Its director was Donald Keyhoe, a former Marine Corps aviator who wrote such books as "The Flying Saucers Are Real" and became an oft-quoted expert on extraterrestrials.
Mr. Hall wrote of learning about NICAP while studying mathematics at Tulane University in New Orleans. As a scholarship student, his duties included opening, sorting and delivering the mail. Keyhoe had written a letter to the university's "one-man astronomy department" asking for scientific support for the UFO organization. Mr. Hall, a fan of Keyhoe's book, said he immediately offered his services to NICAP after graduating.
Mr. Hall became an assistant to Keyhoe, but life as a ufologist wasn't lucrative. He left the organization in the late 1960s because of his impending marriage, which soon ended in divorce. He worked as an abstracter and editor for the Congressional Information Service in Bethesda, the National Institute on Alcohol Abuse and Alcoholism, Columbia Telecommunications and the National Council on Aging.
Mr. Hall continued to write about UFOs and serve with many organizations that investigated UFO sightings and phenomena. The larger scientific community has often dismissed ufology because of a lack of empirical data to support the research. "There are tens of thousands of reports of UFO sightings, but all you need is one good one to prove it," said Seth Shostak, senior astronomer at the SETI Institute.
"The bottom line: Ninety percent can be explained as something prosaic," Shostak said. "Ten percent, you don't know what it was, and ufologists say that's the margin in which there are aliens. The fact that we don't know 10 percent is not evidence."
Carlson said his mentor, Mr. Hall, came to be regarded as the "dean of ufology." As a researcher, Mr. Hall looked for evidence to understand what kind of extraterrestrials existed and what their purpose was.
In later years, his reputation suffered a reversal among many younger UFO enthusiasts who wanted to believe the story lines of science fiction to be true, Carlson said.
According to Carlson, Mr. Hall eschewed this growing "ding-a-ling fringe . . . who approach this more as a belief system or a faith."
Those notions, in Mr. Hall's view, diminished the credibility of his writings and research. The younger generation came to regard the "Extraterrestrial Hypothesis" as an old school of thought. The younger factions dismissed his hypothesis as though he believed the world was flat.
Outside his studies of UFOs, Mr. Hall had a keen interest in female soldiers, particularly those who fought incognito during the Civil War, and wrote several books and papers about them.
But his greatest influence as a researcher came from dedicating his life to the search for the unknown.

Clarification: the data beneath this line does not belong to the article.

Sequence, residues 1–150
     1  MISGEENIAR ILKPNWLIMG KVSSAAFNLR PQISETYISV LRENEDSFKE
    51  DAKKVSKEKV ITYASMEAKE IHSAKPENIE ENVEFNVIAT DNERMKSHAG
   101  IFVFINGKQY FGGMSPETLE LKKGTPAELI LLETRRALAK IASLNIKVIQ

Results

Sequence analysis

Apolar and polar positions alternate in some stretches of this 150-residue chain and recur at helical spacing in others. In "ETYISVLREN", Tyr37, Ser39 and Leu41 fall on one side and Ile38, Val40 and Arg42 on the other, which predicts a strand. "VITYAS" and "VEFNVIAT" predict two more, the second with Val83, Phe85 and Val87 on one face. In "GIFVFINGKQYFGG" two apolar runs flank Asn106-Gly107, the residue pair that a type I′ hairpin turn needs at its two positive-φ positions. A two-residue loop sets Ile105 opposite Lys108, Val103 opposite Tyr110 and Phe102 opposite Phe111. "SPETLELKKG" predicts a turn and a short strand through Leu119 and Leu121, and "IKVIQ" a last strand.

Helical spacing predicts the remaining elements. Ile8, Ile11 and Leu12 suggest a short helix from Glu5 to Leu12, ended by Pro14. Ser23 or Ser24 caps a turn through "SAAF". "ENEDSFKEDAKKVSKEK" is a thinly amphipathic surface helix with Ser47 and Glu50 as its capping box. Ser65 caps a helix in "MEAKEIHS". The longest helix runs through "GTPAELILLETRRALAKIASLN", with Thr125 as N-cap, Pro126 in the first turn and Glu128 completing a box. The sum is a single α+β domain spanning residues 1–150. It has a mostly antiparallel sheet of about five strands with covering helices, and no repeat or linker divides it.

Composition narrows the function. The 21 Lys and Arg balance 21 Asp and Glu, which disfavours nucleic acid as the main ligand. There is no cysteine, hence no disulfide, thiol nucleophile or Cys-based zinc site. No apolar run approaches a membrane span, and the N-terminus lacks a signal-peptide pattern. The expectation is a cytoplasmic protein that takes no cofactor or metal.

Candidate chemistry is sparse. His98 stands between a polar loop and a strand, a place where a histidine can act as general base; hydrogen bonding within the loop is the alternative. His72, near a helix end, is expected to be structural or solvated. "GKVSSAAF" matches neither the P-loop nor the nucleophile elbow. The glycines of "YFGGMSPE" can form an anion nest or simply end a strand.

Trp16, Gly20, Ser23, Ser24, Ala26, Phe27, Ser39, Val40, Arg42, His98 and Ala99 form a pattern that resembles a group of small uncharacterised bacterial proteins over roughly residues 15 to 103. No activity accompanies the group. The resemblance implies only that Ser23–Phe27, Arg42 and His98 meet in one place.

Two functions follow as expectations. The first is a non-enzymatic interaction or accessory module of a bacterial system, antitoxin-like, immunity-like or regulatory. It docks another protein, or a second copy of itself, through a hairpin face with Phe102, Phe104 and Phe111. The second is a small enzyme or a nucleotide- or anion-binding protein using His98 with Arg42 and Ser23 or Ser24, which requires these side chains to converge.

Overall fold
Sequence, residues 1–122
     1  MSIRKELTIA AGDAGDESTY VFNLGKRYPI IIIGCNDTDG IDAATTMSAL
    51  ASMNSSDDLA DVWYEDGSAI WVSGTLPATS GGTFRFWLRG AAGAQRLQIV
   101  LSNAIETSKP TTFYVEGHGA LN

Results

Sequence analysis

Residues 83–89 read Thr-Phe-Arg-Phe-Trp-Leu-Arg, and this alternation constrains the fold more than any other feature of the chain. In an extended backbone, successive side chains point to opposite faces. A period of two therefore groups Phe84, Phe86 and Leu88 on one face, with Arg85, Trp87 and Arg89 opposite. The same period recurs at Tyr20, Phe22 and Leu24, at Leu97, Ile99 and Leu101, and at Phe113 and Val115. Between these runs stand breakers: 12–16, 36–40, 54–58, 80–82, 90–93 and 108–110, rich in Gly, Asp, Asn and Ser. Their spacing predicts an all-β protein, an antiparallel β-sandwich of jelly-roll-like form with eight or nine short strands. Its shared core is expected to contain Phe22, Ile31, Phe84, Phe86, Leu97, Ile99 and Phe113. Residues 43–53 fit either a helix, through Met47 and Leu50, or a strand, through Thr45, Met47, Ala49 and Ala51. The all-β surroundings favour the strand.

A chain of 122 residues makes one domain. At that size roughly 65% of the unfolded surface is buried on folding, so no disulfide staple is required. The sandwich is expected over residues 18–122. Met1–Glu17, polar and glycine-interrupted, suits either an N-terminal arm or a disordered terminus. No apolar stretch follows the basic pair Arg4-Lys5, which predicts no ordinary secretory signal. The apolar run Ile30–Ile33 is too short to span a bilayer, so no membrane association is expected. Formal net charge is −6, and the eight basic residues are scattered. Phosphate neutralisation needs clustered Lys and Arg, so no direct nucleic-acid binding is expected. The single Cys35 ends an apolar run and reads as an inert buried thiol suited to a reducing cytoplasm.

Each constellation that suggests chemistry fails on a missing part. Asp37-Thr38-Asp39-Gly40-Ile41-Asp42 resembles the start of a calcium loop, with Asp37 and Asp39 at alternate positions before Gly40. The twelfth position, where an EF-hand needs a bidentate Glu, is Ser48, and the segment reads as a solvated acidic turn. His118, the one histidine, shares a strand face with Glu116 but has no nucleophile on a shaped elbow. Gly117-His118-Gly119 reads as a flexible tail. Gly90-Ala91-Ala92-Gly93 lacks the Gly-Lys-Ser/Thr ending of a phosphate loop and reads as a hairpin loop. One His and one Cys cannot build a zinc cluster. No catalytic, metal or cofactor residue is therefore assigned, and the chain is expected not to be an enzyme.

"Ninety-seven percent of the nibbles a fisherman feels on his line may be caused by his line snagging on rocks or seaweed, or by wave motion," Mr. Hall wrote in a 1966 paper. "This doesn't prove there are no fish in the ocean."
source & references:
1956, Navy Flight Encounters Gigantic UFO
It was early in 1959 when I learned of this hidden report - a startling
encounter with a UFO. The lead came in a brief message from Admiral
Delmar S. Fahrney, former Navy missile chief, whom I had known for years.
"Captain James Taylor, USN, Rte., has an important UFO sighting made by a
naval pilot and his crew. Call him at Spacetronics, Inc., in Washington,
That night, when Captain Taylor gave me this dramatic Navy report, I could
see why it had never been released to the public. Later, Admiral Fahrney
and I met at the Army-Navy Club and discussed the details. Fahrney knew,
as well as I did, of other hidden UFO cases - some of them highly
significant. But this one stood out in importance.
It had happened in 1956. Cruising at 19,000 feet, a Navy R7V-2 transport -
a four-engine Super-Constellation - was flying west across the Atlantic
Ocean. The next stop was Gander, Newfoundland. Final destination, Naval
Air Station, Patuxent, Maryland.
The night was clear, visibility unlimited. In the senior pilot's seat,
Commander George Benton was checking the dim-lit instruments. At thirty-four,
Benton had a decade of Navy flying behind him.
He had made the Atlantic
crossing more than two hundred times. Back in the cabin were two extra
Navy air crews, en route home from foreign duty.
Most of these men were
asleep. Including Benton's regular and relief crews, there were nearly
30 airmen-pilots, navigators and flight engineers aboard the Constellation.
As Commander Benton finished his cockpit check, he glanced out at the stars.
Then he leaned forward, puzzled. A few minutes before, the sea below had
been dark. Now there was a cluster of lights, like a village, about
twenty-five miles ahead.
Benton looked over at his co-pilot, Lieutenant Peter W. Mooney. "What do
you make of those lights?" Mooney peered down, startled.
"Looks like a small town!"
"That's what I thought." Benton quickly called the navigator, Lieutenant
Alfred C. Erdman. "We must be way off course. There's land down there."
"It can't be land." Erdman hurried forward from his map table. "That last
star sight shows..." He broke off, staring down at the clustered lights.
"Well?" said Benton. "They must be ships," said Erdman. "Maybe a rendezvous
for some special operation."
Giant Flying Saucers
"They don't look like ships," said Benton. He called Radioman John Wiggins.
No word of any unusual ship movements, Wiggins reported. And no signals from